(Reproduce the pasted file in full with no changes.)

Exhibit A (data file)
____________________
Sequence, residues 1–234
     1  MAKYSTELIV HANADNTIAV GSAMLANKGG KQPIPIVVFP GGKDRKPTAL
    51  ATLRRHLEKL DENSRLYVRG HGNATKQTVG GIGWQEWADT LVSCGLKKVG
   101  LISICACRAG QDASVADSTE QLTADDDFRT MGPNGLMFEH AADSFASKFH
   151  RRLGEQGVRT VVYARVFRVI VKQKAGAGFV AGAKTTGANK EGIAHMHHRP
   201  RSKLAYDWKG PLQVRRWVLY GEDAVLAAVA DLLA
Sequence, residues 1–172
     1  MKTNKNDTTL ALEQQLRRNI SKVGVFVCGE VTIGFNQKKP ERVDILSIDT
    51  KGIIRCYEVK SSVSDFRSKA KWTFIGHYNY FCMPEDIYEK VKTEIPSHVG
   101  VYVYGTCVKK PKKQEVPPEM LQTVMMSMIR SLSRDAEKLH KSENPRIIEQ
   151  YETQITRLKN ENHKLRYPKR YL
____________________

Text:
Sequence, residues 1–234
     1  MAKYSTELIV HANADNTIAV GSAMLANKGG KQPIPIVVFP GGKDRKPTAL
    51  ATLRRHLEKL DENSRLYVRG HGNATKQTVG GIGWQEWADT LVSCGLKKVG
   101  LISICACRAG QDASVADSTE QLTADDDFRT MGPNGLMFEH AADSFASKFH
   151  RRLGEQGVRT VVYARVFRVI VKQKAGAGFV AGAKTTGANK EGIAHMHHRP
   201  RSKLAYDWKG PLQVRRWVLY GEDAVLAAVA DLLA
Sequence, residues 1–172
     1  MKTNKNDTTL ALEQQLRRNI SKVGVFVCGE VTIGFNQKKP ERVDILSIDT
    51  KGIIRCYEVK SSVSDFRSKA KWTFIGHYNY FCMPEDIYEK VKTEIPSHVG
   101  VYVYGTCVKK PKKQEVPPEM LQTVMMSMIR SLSRDAEKLH KSENPRIIEQ
   151  YETQITRLKN ENHKLRYPKR YL